More familiar is the Specialization of groups or families within the settlement. A Large Community might be a port, a seat of a monarch, an administrative centre, a cultural centre, an industrial district, a commercial district, with ecclesiastical centres and outlying residential areas all rolled into one.

We blend the basic information available to us in the Dungeon Master’s Guide with our information to produce several different Settlements.
• The Farming District of Andemun. This “Village” consisting of some three hundred and twenty people (+20% children) where the most expensive item in the district is farmer Erasmus Shaw’s magnifying glass - which amounts to about a hundred gold pieces in value. Applying dispersed Settlement, Mining, and Port to our “Village”, we have a multifunction settlement occupying a reasonably safe region (mainly because a dispersed settlement is far more vulnerable to hostile intrusion than a centralized settlement – it is for this reason that our “Village” is not too isolated). Its level of isolation offers us a community upriver from the capital and down river from a major river port controlling a substantial farming district. There is regular traffic on the river offering regular news (perhaps a week old at most) from the capital and the port upriver. It is a settlement in its own right. Farms harvesting timber for firewood; a small granite quarry (employing five stonecutters) with a river siding where a merchant house from the Capital has arranged to buy direct from these “Farmers” straight onto its riverboats. Our “Village” also has a prospect for the future. At the current rate of forest clearing, the district will be ready for dairying in ten years. There is little happening here and when it does it is going to be pretty minimal. Perhaps the PCs might find themselves employed to run off some predators bothering the farmers to be paid in produce for their trouble.
• The Blackdog. This roadside Inn sits on a crossroads with access to a communications network (basically a regularly used corridor of information transfer). Information may come in and out from an assortment of locations on a regular basis and it sits on a trade-route where supplies can be bought from passing merchants and then sold to travellers for a marked up price. For adventurers it offers a respite before deciding which direction to go, or a bolthole where they can wait for information to fall into their laps.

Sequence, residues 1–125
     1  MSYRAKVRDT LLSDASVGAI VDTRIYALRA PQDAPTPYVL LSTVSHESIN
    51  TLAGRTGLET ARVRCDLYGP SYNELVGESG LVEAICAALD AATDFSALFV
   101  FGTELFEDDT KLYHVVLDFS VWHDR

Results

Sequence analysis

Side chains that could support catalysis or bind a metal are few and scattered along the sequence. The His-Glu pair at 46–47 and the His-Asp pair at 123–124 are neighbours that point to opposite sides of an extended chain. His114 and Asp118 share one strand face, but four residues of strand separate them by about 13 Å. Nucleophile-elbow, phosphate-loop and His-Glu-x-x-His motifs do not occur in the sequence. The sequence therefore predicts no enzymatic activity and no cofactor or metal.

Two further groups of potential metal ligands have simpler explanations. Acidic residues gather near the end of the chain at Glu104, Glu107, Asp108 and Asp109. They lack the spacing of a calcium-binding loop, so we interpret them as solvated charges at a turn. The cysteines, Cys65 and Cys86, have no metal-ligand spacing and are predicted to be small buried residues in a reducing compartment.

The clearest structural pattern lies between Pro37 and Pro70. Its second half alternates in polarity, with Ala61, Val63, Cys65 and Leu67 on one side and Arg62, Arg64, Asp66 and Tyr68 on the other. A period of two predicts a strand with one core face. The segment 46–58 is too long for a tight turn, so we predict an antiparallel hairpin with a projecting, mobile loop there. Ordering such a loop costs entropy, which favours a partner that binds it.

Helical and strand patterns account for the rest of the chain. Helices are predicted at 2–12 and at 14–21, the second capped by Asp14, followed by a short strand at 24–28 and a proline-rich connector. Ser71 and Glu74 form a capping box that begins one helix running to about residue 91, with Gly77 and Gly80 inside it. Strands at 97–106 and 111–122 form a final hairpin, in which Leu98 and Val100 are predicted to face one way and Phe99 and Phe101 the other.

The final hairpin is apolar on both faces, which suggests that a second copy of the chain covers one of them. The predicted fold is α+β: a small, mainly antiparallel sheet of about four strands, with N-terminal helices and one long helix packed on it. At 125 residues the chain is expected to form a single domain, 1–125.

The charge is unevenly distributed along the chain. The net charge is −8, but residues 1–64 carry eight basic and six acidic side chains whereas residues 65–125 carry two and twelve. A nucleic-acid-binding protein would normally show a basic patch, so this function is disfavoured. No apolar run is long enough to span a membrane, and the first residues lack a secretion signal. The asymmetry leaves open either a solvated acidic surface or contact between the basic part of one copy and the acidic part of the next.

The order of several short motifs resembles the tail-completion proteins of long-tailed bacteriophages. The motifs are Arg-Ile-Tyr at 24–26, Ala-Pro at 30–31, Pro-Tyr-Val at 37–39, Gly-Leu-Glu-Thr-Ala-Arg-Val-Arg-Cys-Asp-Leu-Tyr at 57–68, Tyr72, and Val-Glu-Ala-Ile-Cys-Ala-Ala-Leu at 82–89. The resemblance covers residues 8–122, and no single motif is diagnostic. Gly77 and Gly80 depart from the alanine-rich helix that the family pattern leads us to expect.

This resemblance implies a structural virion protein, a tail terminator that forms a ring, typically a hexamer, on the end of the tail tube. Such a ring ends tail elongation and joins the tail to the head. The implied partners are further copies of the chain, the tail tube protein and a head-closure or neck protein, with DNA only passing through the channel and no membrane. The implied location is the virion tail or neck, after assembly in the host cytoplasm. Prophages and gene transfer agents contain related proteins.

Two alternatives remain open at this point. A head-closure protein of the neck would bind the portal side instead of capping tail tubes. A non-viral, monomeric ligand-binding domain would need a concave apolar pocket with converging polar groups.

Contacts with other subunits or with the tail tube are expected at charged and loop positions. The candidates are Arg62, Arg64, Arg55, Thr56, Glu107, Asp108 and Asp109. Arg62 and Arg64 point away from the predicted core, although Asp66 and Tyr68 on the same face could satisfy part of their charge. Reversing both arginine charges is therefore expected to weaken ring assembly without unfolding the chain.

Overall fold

• The Drift-port of Shadow has no real fixed population but numbers about five hundred on average. It drifts somewhere in the Rip (a Sea that flows north or south between the Island Kingdom of Ingoil and the Iron Kingdoms (this edge of the continent of Grun – The Rip is known to change direction)). It is a commercial centre and port involved in the trade of pirated loot and money-lending. At any time the Drift-port might consist of up to thirteen ships lashed together as the core trading port with up to thirty docked in port.
• The Temple of Dhurn, now buried under a landslide was dedicated to the forgotten God. It was a centre of Pilgrimage for its many practitioners and they brought many weapons here (which were dumped into the Peatbog) in sacrifice. In its day it had a population of six priests and thirty servants who tilled farmland in the valley of Penn to produce food, and tend the clergy’s every need. Currently it is un-active – being abandoned when the hillside washed down on it a thousand years back.
• Maidenshead is a small town of nearly two thousand citizens. The Serfs Quarter has around one thousand serfs who are crowded into many of the small, tightly packed mud-brick dwellings that dominate this large walled in part of the town – they toil in the fields, cut wood, and excavate clay from extensive diggings beside the river. Apothecary Row where several herbalists have residences/shopfronts to one side of a narrow, walled lane. The Baron’s Castle where the Baron, family, and some servants and administrative staff live and work. The Garden of Ash seems impersonal and abandoned considering it is a walled in bare gravel piece of land with ash, and charcoal marks where bodies are simply piled up with wood and burned. The Dogwall, (a walled off residential area providing a class with residential isolation from the urban centre) a walled ghetto where the Halfling populace of Maidenshead are forced to reside. Previously it was used to kennel the War-dogs of an early baron. Currently there are under a hundred Halflings crowded into the Dogwall and the gates are locked at sunset, and opened at sunrise each day. The only access to the Dogwall is direct to the Merchants Quarter. The Merchants Quarter is dominated by artisans involved in Pottery, and there are numerous Charcoal production furnaces and large scale Pottery Kilns burning (in some cases) all day. Maidenshead sits on a clay brick mound on a plain of cleared ground at the outer edge of a river bend and while it over looks the river and any traffic there, it does not have a port (although travellers by boat might pull their vessel easily onto the bank and walk to the town. Maidenshead is linked to the Capital by road only.

When settlements are abandoned, due to what ever reason, many components are left behind. These components are often the hardest to remove (they are also characteristic of the settlement purpose) and will last centuries beyond the abandonment of the settlement.
• Carved Stone Obelisk, Steele, Monument, and Statue.
• Mine, Quarry, Smelter Pottery Kiln, and Blacksmith’s Forge, Charcoal Production Furnace.
• Stone Well, Irrigation Canal, Agricultural Field, and Plantation Crop.
• Stone Docks, Bridge, Stone Paved Road, Causeway.